Why not? All the same excuses and reasons that everyone has for not doing things they say they want to do. “I’m too busy, life gets in the way, I don’t have time, it isn’t a priority, etc.” (This is fodder for a separate post but what is the difference between a reason and an excuse? An action plan with a deadline…)
By starting this blog I now have a daily deadline to write something. Progress towards my goal will only happen when I impose a deadline and hold myself accountable for meeting it.
By the way, the framework of problem solving that I often use is the classic, “Why, How, What, Who, When.”
Without when, nothing else matters. It’s all just noise and wishful thinking.
Deadlines are worthless without accountability. Change is a choice. Growth is a choice. Starting a new habit is a choice. Stopping a bad habit or behavior is a choice. The most critical component to these choices? Establishing the when, and holding yourself accountable to meeting that deadline.
“Without a deadline, baby, I wouldn’t do nothing.” This might be one of the most brutally self-aware statements I’ve ever read. Just remember, without a deadline, nothing else matters…
What’s your deadline to do something different and achieve one of your goals?
“The whole point of getting things done is knowing what to leave undone.”
This might be the biggest challenge a leader faces. For that matter it might be the biggest challenge any person faces. Saying “yes” to something means that you are saying “no” to something else.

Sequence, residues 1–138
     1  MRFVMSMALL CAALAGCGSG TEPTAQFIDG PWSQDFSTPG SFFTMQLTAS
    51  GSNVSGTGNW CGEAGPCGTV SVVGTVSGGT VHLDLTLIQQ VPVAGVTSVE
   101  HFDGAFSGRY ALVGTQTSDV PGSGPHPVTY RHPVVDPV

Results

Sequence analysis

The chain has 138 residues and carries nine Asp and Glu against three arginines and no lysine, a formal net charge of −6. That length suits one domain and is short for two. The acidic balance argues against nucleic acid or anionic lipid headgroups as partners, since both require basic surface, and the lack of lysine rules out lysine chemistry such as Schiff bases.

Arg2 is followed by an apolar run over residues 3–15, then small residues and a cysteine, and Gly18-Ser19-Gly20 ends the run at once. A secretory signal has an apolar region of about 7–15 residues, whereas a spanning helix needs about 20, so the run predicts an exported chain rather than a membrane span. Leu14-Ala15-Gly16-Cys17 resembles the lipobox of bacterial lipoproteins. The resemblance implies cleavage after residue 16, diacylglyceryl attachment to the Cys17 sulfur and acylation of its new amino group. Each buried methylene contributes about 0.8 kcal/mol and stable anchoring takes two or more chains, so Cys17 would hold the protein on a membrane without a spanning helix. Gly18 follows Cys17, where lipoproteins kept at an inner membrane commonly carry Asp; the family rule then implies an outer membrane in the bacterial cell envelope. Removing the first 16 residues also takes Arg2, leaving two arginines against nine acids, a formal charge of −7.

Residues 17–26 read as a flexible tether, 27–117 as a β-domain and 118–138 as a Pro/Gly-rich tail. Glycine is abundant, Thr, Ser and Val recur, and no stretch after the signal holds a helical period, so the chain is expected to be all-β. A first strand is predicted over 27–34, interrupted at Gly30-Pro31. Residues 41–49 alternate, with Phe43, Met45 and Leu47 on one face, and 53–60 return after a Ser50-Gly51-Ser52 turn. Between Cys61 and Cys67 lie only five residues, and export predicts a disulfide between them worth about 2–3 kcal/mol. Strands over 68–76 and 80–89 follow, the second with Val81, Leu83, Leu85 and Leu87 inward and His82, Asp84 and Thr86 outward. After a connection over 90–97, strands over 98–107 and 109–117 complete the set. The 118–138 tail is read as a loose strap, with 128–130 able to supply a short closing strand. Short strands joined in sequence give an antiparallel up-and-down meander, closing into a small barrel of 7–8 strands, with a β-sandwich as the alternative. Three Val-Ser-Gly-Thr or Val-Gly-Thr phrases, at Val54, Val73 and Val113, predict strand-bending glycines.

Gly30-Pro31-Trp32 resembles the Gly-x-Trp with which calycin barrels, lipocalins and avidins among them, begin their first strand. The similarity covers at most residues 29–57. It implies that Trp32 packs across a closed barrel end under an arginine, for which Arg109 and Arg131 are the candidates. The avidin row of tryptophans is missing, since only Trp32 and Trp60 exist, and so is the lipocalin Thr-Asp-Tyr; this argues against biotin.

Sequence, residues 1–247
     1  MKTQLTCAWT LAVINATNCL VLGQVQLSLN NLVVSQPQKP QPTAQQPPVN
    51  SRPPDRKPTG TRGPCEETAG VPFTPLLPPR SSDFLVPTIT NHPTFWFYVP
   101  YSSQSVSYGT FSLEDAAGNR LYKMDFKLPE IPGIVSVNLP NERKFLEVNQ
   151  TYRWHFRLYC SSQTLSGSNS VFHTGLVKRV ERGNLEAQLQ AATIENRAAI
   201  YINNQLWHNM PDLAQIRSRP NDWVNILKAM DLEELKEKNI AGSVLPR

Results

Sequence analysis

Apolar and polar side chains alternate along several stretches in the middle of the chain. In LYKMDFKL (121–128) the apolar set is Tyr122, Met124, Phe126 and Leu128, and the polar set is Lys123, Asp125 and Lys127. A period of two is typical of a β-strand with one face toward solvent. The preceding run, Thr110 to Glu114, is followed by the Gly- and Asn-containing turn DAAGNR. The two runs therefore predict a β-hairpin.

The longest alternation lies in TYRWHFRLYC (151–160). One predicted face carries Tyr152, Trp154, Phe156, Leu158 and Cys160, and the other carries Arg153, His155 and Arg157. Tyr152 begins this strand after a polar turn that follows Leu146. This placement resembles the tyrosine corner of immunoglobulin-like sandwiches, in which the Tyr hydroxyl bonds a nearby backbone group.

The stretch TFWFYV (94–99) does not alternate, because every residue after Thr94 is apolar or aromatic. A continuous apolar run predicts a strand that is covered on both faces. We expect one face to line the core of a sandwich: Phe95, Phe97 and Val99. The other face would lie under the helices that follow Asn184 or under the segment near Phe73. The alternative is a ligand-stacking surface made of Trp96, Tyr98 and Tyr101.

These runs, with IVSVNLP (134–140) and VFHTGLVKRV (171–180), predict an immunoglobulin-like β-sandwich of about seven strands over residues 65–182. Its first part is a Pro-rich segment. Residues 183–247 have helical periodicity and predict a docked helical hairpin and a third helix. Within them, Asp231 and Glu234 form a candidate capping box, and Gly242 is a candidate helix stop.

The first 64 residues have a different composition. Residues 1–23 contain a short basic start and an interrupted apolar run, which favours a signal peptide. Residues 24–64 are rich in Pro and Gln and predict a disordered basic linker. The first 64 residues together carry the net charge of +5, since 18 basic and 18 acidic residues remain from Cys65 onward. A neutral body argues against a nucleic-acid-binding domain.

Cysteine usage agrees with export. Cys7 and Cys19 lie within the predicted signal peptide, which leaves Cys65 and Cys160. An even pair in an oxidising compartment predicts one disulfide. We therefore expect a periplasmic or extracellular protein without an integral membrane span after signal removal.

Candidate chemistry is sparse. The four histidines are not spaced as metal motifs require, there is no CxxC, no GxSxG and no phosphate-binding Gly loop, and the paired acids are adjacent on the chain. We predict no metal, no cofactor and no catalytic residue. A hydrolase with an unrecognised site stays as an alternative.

Do you have a crystal clear understanding of your priorities? I’d like to think that I do, but honestly I struggle at times to say “no.” There is always more than can be done than should be done. For me it helps to break the question into two parts.
Sounds easy right. If only that were the case.
“A wealth of information creates a poverty of attention.”
This is our society today isn’t it? There is so much information available that we can only consume it in 140 character soundbites. Or so much information available that we never want to make a decision because we can always find “just a bit more information” to ensure our decision is the right one. What if we had less information, but more focus? Is the old adage that “less is more” more appropriate now than ever before?
I have been spending a ton of time lately reading everything I can get my hands on regarding focus and intentionality. I am actively seeking out secret tips and special tactics to be more productive with my time. I found myself reflecting back to the “good old days” when there wasn’t a constant barrage of information coming at us 24/7. But then I picked up my copy of “The Effective Executive” by Peter Drucker (a gift from a very wise friend) and challenges back then were the same challenges we face today. (By the way, that book was written 50 years ago) How do you make the best and biggest impact with the time that you have? As much as we’d (me especially) like to make it a modern problem, it isn’t. I’d say it’s a human problem. Why do you think that is?